Imagine that you could actually grow the future. By bringing together design and technology, we can, in effect, edit biology—and create physical objects that point to the shape of things to come. That, in a sense, is what my team do in our lab.
Today we can design micro-organisms to mimic “factories” capable of transforming almost any biomass into bio-products that may be useful for, say, wearable garments, transport and even construction. Engineered gut E.coli can generate useful chemicals and antibiotics; blue-green algae can convert captured carbon into biofuels or plastics. This biological alchemy is inspiring a movement towards the design of living matter not for, but as, the built environment. I call this Material Ecology.
Such an intimate relationship between technology and biology through design reflects a new ecological perspective—from consuming nature as a geological resource to using it as a biological one. Rather than mining materials, we can create physical things using synthetic biology, computational design and 3D printing.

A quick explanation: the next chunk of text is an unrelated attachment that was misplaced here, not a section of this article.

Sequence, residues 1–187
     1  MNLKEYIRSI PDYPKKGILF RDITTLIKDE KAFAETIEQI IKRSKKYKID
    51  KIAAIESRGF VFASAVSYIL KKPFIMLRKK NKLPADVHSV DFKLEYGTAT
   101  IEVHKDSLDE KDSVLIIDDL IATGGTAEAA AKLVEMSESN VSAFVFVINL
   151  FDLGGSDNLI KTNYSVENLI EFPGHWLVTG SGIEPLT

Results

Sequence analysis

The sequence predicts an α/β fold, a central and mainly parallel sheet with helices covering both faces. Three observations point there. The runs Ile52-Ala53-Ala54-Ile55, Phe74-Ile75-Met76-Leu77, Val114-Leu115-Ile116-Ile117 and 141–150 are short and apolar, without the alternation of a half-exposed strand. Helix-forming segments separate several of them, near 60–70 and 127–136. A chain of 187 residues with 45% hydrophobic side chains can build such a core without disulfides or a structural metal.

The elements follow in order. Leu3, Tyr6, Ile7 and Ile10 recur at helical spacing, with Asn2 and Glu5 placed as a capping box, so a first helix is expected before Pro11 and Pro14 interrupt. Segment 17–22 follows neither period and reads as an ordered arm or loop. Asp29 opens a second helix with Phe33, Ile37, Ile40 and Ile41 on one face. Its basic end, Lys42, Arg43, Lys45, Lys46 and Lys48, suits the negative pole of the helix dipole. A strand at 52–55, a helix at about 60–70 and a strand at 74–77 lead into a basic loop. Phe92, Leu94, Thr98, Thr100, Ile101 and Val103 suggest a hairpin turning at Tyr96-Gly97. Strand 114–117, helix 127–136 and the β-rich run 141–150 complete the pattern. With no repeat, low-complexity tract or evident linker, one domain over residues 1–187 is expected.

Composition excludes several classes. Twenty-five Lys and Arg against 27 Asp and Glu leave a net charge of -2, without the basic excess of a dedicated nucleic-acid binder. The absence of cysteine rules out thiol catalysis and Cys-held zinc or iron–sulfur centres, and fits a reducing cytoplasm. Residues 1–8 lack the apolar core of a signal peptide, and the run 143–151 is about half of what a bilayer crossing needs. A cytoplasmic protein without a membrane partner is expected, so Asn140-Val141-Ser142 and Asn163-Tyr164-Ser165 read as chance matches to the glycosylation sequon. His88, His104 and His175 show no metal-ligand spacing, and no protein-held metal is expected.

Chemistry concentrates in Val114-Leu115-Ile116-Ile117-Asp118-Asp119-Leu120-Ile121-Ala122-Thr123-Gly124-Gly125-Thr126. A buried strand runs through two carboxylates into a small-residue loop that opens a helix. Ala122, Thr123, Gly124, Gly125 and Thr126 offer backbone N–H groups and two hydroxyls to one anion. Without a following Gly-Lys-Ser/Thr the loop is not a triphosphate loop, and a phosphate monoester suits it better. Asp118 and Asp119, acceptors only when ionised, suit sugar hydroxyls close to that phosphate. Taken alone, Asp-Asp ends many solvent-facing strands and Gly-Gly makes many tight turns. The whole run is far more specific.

Designs that combine top-down form generation (additively manufactured) with bottom-up growth of biological systems (biologically synthesised) open big opportunities. They enable us to make things that are truly dynamic—that can respond, heal and adapt.
In the end, cells are simply small self-replicating machines. If we can engineer them to perform useful tasks, just by adding sugar and growth media, we can dream up new design possibilities.
In 2016 the journey from mining to growing will accelerate as design closes the gap between technology and biology. New research at the intersection of 3D printing and synthetic biology will start to yield some striking creations: photosynthetic building façades that convert carbon into biofuel, wearable microbiomes and 3D-printed contraptions for repairing damaged tissue. We will begin to mother nature by design.
* For more information on Neri Oxman's work, please see her TED talk, "Design at the intersection of technology and biology".